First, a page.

The administration of radioactive iodine is not risk free—it is associated with short term side effects (dry eyes, altered taste, and inflammation of salivary glands) and perhaps an increase in salivary gland cancers and leukemia.72 In view of this evidence, recent guidelines do not recommend the use of RRA in patients with low risk thyroid cancer with lesions less than 1 cm who do not have high risk features (such as aggressive variants and vascular invasion). They recommend that it is used only in those with documented lymph node metastasis or other high risk features.8 10
Thyrotropin suppressive therapy
Similar to normal follicular cells, thyroid cancer cells express thyrotropin receptors and respond to this hormone by increasing cell growth.75 Therefore, postoperative thyrotropin suppressive therapy has played a major role in the treatment of well differentiated thyroid cancer since the first report of regression of papillary thyroid cancer in two patients given thyroid extracts in 1937.76
In support of this practice, a meta-analysis of 4174 patients with well differentiated thyroid cancer showed that thyrotropin suppressive therapy reduced the risk of disease progression or recurrence and death (relative risk 0.73, 0.6 to 0.88).77 Although it is generally agreed that patients with high risk thyroid cancers should receive suppressive therapy to maintain thyrotropin concentrations below 0.1 mU/L,78 79 such treatment did not improve the rate of recurrence or disease specific survival in patients with low risk papillary thyroid cancer.80
Therefore, the goal of thyroid hormone treatment should be different for patients with low risk papillary thyroid cancer than for those with indeterminate or high risk disease. For low risk patients, post-thyroidectomy thyrotropin suppressive therapy should provide adequate replacement to avoid symptoms of hypothyroidism and thyrotoxicosis. Older patients, who are more likely to develop cardiovascular disease (atrial fibrillation and arrhythmia) and bone loss as a result of subclinical thyrotoxicosis, should be managed with less tight goals (thyrotropin 1-2.5 mU/L) than younger patients (thyrotropin 0.5-1 mU/L), who are less sensitive to the adverse effects of treatment.81 82 The European and ATA guidelines for patients with low risk thyroid cancer recommend a thyrotropin concentration of 0.5-1 mU/L.8 10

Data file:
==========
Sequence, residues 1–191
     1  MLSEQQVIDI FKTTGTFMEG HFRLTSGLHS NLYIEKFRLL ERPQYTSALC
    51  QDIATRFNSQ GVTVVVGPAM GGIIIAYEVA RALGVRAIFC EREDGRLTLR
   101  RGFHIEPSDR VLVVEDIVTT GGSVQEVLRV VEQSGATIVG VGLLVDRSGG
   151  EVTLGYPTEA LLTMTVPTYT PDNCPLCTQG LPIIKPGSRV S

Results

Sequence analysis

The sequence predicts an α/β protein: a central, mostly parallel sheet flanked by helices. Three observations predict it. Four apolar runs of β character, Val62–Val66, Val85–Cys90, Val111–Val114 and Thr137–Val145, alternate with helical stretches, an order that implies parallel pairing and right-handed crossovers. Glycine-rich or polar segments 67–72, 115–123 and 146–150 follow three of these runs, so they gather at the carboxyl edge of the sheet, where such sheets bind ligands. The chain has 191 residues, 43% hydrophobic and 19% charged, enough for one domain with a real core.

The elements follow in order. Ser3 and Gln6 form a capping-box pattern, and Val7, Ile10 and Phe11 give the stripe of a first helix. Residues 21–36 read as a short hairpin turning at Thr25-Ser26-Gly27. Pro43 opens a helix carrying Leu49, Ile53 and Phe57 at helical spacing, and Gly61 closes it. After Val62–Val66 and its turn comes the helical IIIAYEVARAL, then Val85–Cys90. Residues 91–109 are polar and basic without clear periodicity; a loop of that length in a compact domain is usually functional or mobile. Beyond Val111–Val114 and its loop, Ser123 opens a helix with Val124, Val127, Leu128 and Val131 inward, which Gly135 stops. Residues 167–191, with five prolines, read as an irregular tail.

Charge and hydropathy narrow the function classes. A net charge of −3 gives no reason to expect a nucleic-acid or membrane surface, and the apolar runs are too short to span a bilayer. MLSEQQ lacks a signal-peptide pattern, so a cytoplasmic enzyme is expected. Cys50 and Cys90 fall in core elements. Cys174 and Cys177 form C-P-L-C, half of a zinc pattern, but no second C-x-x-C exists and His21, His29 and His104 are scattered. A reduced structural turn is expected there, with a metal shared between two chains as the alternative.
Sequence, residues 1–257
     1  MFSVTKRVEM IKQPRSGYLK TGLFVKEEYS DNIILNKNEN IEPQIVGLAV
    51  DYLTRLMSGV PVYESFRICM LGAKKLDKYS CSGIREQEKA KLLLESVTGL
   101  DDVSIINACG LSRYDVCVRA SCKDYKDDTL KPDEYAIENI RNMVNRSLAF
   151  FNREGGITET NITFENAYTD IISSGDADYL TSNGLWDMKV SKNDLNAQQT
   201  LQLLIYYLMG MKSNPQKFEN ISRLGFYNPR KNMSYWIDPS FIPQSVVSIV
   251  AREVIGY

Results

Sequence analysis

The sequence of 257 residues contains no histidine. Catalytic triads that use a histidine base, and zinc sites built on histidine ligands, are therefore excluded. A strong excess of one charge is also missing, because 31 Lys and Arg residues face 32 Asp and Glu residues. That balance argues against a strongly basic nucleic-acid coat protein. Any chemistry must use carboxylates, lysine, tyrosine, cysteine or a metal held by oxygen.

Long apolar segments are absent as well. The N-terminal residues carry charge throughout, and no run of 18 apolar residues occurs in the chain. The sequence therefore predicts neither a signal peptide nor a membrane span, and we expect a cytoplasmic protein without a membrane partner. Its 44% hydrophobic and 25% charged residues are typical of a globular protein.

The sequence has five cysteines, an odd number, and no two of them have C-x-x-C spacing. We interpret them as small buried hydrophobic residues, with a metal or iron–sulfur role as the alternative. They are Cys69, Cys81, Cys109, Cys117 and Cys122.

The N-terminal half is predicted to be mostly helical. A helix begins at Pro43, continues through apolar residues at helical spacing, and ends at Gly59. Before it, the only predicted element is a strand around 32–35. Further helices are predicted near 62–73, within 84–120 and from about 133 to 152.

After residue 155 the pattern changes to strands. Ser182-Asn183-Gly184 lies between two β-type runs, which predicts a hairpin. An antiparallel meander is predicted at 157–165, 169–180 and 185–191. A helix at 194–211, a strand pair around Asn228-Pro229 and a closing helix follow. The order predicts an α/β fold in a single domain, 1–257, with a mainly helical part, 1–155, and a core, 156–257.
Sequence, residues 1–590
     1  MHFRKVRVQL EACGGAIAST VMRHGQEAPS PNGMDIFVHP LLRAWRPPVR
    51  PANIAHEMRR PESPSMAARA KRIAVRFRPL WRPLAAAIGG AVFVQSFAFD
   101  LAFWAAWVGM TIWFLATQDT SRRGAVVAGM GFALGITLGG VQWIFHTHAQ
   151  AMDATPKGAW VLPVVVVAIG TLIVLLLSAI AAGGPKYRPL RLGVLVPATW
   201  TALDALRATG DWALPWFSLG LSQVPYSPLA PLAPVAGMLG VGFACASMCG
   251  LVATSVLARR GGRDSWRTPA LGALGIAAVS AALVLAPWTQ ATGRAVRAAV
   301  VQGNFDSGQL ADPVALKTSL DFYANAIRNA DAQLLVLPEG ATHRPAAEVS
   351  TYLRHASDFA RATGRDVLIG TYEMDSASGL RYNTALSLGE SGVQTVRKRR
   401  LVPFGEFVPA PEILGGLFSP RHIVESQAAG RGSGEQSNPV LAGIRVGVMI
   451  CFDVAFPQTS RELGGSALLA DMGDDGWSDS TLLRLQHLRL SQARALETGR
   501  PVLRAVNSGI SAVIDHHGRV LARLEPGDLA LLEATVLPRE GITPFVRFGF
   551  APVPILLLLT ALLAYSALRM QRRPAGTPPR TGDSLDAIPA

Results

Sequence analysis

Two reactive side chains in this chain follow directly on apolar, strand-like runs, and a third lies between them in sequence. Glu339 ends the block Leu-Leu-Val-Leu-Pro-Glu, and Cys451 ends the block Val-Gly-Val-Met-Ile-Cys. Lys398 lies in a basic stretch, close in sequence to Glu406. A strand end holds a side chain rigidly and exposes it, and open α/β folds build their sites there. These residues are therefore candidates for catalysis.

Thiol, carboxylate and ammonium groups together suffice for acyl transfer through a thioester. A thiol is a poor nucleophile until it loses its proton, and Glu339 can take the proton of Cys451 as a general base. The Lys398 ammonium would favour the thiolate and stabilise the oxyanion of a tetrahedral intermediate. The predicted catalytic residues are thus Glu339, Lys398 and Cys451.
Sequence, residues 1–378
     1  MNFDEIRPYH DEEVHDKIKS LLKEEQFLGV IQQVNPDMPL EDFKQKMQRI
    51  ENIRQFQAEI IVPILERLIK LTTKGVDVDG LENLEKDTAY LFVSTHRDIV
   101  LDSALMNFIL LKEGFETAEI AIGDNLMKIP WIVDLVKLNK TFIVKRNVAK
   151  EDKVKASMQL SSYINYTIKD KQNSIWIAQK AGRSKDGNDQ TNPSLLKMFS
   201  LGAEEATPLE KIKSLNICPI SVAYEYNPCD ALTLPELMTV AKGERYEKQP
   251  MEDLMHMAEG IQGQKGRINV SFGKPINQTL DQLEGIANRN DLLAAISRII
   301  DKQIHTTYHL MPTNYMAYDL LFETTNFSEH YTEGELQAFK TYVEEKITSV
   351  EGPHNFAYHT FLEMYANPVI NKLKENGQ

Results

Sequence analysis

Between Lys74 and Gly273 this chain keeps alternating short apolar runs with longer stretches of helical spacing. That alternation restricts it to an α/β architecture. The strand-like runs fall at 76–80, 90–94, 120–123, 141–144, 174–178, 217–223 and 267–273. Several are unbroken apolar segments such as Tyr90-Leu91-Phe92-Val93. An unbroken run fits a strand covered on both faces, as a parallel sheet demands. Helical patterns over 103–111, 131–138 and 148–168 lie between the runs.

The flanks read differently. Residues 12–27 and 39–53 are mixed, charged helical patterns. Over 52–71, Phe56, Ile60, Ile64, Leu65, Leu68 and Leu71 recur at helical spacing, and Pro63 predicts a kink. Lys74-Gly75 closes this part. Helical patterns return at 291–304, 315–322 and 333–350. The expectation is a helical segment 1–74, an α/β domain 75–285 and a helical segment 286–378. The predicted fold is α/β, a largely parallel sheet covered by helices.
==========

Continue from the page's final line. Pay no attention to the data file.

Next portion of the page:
After thyroid surgery, postoperative treatments (RRA and thyrotropin suppressive therapy) have not shown significant clinical benefit for patients with low risk thyroid cancer. However, for some patients, depending on the context and their preferences, even conventional surgery might not be desirable. Over the past decade, other management options have been studied for patients with low risk thyroid cancer.
Alternative surgical techniques
Although open surgery with a residual neck scar is the traditional technique for thyroidectomy, recent studies have reported that endoscopic thyroidectomy is also feasible for patients who wish to avoid a cervical incision. Endoscopic surgery, using extracervical access (for example, axillary, anterior chest, or breast), is an approach to the thyroid gland that uses video-endoscopic equipment through small and hidden incisions. One form of this endoscopic technique is robotic thyroidectomy, where the surgeon is assisted by an advanced robotic system that may allow better visualization and dexterity.
A meta-analysis of randomized clinical trials that compared video assisted interventions with conventional thyroidectomy in thyroid nodules and low risk papillary thyroid cancer found no significant difference in the risk of transient laryngeal nerve palsy or hypoparathyroidism.83 In addition, video assisted techniques reduced postoperative pain at six hours and improved cosmetic results, although operative times were longer. Of note, the robotic technique has not received US Food and Drug Administration approval for thyroidectomy because of concerns regarding unreported adverse effects.84
Minimally invasive therapy for patients with low risk thyroid cancer
When surgery is neither indicated nor desired, non-surgical minimally invasive therapies are available. These treatments are based on the principle that focused and accurate destruction of tumor tissue will induce small vessel thrombosis and coagulative necrosis within the tumor, and they have been proposed by some as excellent options for primary treatment of low risk papillary thyroid cancer.